A 23-year-old girl in China Committed Suicide due to Cyber-violence because she Dyed her Hair Pink– Is the Platforms’ Anti-cyberViolence Mechanism Effective?

Linghua Zheng and her grandfather (Pepe Talks About Documentary Stories, 2023)

This is a tragedy caused by cyber-violence and hate speech. A 23-year-old girl named Linghua Zheng chose to end her life on January 23, 2023, the second day of the Chinese New Year, because of cyber-violence, and the reason for it was just her pink hair.

1. Case review: Internet violence started with pink hair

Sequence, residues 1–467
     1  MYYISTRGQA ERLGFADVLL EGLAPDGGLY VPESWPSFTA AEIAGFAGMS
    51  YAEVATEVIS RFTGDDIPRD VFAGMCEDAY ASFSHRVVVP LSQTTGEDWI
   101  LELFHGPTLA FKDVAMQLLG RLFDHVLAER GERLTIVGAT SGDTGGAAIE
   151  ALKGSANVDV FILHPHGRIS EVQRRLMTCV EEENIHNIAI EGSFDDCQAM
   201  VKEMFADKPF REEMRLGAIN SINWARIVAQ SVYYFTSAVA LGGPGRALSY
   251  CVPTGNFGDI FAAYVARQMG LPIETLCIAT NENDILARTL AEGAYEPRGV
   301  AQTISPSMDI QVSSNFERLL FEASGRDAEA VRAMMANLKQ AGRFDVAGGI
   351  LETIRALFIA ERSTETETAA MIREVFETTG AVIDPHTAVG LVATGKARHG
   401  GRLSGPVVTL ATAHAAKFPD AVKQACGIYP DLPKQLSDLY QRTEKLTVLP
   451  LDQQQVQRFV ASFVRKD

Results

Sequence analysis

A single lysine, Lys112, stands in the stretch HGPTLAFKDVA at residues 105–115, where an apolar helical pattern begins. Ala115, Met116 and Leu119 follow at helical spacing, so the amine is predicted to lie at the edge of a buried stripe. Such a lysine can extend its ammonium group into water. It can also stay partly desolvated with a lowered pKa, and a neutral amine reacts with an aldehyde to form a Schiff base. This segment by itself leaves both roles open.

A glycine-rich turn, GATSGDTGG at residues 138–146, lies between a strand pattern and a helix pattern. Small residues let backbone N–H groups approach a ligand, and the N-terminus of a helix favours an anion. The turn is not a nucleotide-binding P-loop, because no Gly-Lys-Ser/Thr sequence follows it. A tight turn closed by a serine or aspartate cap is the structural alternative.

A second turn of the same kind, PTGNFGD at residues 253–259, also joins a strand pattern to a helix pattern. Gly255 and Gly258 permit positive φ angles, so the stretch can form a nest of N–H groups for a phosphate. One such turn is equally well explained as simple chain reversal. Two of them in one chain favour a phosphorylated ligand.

According to the report of Qianjiang Evening News (2023), in July 2022, Linghua Zheng received a letter of acceptance for a master’s degree from East China Normal University in Shanghai, China and aimed to become a teacher in the future. She took the letter to the hospital to visit her grandfather who was hospitalized for cerebral infarction and cancer, hoping to give him a surprise. After that, she captured the happy sharing moment with her grandfather and uploaded the photos to Xiaohongshu, a Chinese social media site, as a souvenir. However, the tragedy began when the photos were stolen. On Douyin, China’s short video social platform, a user stole her photo and made it into a short video to advertise an educational training institution of gaokao (National College Entrance Examination) in China. She was described as an inspirational student who received a letter of acceptance from a technical college after failing the gaokao. The stolen photos and short videos were then quickly spread to more social platforms such as Weibo, Douyin, Xiaohongshu, Bilibili Bullet Chat Video Network, etc. There were more and more comments from netizens and more and more malicious comments. She became the target of attacks by netizens and was considered to be “making a name and attracting attention by taking advantage of her sick grandfather”, “her hair is a shame to her university” and “she is a bad girl, so she is not worthy of being a teacher” (Qianjiang Evening News, 2023).